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Why finance companies are using verification tools at record levels

Why finance companies are using verification tools at record levels

The following article is part of AFSA's Business Partner Webinar Series. You can learn more during Equifax's webinar on Oct. 2 at 2 p.m. ET entitled Verify to Clarify – Know More About Your Customers to Help Grow & Increase your Portfolio Profitability. Registration is open now.

Why finance companies are using verification tools at record levels
Lou Loquasto, Equifax

Reading some of the headlines from major media outlets, it might seem as though auto finance companies didn’t understand the importance of verifying income and employment information provided by applicants. Everything was written from auto finance companies being fraudsters to the auto industry being the harbinger for the next recession. However, the headlines largely got it wrong.

It’s time for a fresh perspective based on the facts. Most auto finance companies are using sophisticated verifications tools to help them determine with confidence that an applicant will be able to repay a vehicle installment contract. In fact, according to a recent Equifax report, auto finance companies are verifying income and employment at record levels and have seen a significant increase in usage year-over-year significantly since 2012.

For example, in 2017 automakers sold 17.2 million vehicles. This is the first time the industry has cleared the 17 million mark for three consecutive years, according to IHS Market. Based on reporting from The Work Number database – one of the largest central sources for employer-provided employment and income data – the number of auto verification requests for income and employment was nearly 29 million at the end of 2017. That’s nearly 30 million requests for income and employment information in a market that sold more than 17 million vehicles. Auto finance companies are, indeed, verifying information provided by consumers.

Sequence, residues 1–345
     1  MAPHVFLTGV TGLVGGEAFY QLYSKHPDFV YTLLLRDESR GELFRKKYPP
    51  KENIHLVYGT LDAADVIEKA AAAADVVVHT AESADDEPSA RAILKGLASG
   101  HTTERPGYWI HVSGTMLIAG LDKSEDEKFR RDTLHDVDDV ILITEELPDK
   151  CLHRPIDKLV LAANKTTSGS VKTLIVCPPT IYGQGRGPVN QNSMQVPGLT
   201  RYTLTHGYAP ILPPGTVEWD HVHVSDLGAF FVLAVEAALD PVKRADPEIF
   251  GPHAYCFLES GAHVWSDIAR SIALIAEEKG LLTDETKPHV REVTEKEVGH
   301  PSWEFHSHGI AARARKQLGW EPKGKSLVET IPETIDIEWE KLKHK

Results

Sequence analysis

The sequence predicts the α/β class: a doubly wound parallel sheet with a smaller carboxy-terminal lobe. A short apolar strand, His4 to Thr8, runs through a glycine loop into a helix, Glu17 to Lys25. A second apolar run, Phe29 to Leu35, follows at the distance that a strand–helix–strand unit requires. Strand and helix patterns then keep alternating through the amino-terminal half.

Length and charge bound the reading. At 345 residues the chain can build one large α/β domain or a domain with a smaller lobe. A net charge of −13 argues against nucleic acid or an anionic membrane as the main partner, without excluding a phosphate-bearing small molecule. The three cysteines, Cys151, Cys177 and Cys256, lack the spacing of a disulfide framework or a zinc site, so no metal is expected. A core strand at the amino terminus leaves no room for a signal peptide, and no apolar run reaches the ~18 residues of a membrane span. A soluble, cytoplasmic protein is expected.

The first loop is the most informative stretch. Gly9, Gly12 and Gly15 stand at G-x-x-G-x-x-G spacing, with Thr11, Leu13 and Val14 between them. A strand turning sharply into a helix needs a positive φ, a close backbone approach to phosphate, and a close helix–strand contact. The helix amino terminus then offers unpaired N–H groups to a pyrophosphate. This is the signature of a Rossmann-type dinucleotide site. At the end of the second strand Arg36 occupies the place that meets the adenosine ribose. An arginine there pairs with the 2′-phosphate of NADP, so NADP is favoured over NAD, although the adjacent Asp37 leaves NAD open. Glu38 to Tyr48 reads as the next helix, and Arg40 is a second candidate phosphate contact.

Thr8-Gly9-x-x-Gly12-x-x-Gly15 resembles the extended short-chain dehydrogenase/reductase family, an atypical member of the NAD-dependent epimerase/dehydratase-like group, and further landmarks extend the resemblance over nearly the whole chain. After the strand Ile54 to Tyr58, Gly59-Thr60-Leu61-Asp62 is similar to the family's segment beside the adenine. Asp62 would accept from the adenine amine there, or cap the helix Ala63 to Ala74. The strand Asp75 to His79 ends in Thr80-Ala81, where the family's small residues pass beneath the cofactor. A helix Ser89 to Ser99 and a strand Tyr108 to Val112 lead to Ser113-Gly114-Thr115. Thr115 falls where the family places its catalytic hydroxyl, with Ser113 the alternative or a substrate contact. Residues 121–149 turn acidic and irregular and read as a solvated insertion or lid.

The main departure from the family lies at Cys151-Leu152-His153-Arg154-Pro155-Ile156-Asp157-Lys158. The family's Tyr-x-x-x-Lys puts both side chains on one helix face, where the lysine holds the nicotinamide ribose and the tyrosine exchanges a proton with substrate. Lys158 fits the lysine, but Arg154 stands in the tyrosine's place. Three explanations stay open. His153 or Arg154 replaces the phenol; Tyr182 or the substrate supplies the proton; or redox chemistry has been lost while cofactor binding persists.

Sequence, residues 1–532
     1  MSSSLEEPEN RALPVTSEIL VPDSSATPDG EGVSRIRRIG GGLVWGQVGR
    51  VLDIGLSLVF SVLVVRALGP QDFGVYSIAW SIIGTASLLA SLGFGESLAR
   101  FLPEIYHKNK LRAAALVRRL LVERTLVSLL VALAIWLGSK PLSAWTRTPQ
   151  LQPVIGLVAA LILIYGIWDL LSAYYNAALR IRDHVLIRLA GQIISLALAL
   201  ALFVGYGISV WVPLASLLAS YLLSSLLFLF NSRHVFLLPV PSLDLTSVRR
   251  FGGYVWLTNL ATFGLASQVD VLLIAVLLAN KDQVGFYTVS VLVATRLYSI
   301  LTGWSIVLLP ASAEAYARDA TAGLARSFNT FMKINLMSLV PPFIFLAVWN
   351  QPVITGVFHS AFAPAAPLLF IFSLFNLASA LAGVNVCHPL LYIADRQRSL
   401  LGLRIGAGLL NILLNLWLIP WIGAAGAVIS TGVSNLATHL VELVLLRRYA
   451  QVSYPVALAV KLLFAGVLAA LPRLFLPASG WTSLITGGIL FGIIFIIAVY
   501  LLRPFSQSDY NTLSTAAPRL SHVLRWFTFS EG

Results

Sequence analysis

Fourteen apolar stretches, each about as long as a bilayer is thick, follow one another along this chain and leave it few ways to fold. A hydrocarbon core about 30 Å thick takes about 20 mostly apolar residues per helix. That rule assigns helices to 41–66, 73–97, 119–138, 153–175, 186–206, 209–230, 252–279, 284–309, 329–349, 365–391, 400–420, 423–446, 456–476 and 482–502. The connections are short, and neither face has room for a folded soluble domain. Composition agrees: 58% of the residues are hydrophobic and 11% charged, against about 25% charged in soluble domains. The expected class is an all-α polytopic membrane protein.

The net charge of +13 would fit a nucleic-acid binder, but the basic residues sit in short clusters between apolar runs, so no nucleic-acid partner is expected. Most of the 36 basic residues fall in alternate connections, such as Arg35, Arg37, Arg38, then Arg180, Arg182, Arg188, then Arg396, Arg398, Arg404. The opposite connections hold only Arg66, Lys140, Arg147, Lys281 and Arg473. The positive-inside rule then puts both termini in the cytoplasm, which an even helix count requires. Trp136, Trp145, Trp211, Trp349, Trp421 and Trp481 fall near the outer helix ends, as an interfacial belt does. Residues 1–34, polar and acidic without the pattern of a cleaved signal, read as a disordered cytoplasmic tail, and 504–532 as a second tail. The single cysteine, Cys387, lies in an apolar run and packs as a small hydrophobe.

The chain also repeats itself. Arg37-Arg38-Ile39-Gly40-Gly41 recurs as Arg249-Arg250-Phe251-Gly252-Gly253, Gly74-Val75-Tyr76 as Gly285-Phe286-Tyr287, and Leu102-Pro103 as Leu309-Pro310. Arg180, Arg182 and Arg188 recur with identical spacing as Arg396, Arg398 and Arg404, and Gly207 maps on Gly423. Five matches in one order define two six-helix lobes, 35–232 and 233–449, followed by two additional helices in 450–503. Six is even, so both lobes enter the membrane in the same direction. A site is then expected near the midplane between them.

Clearly auto finance companies understand that the risk of not verifying income and employment on potential borrowers is too high. Also, they know that time is incredibly important to today’s car buyers and dealer personnel. Both groups tend to avoid hassles at all costs. Most consumers are opting for a car buying experience similar to the one they use when shopping for new clothes online or browsing for world news and other social happenings – frictionless, consistent and user-friendly interactions with businesses when they want it. Knowing these habits, lenders have implemented a similar fast-paced and transparent environment into the car-buying process.

Auto finance companies’ use of verification tools has allowed them to understand a potential buyer’s propensity to repay a loan earlier on in the car-buying process. This, in turn, has also allowed them to give approvals back to their dealers without stipulations and potentially avoid auto finance defaults that can happen if a borrower can no longer afford the designated car payment.

And then there’s the need for finance companies to verify based on the reality of the auto industry. The legend of the fake pay stub and applicants who overstate and understate their income, further point to the importance of verifying information.

First, the fake paystub is real, and it doesn’t seem to show signs of slowing down. There are even websites dedicated to helping consumers re-create their fantasy paycheck to get the vehicle they desire. And the worst part is these fake paystubs are so well done that they are passing some finance companies’ sniff test.

Secondly, whether consumers intentionally or unintentionally overstate or understate their income should be a moot point to auto finance companies as they are not forensic experts and shouldn’t have to be.

Even when offsetting for credit score, the higher a person’s verified income, the likelihood of default decreases. Also, job tenure can help predict repayment risk as consumers with job tenure one year or less are almost twice as likely to go delinquent (again, even with FICO score accounted for) as those with 10-plus years of tenure. You can see the type of dilemma that can unfold if income is not verified at the beginning of the car-buying process.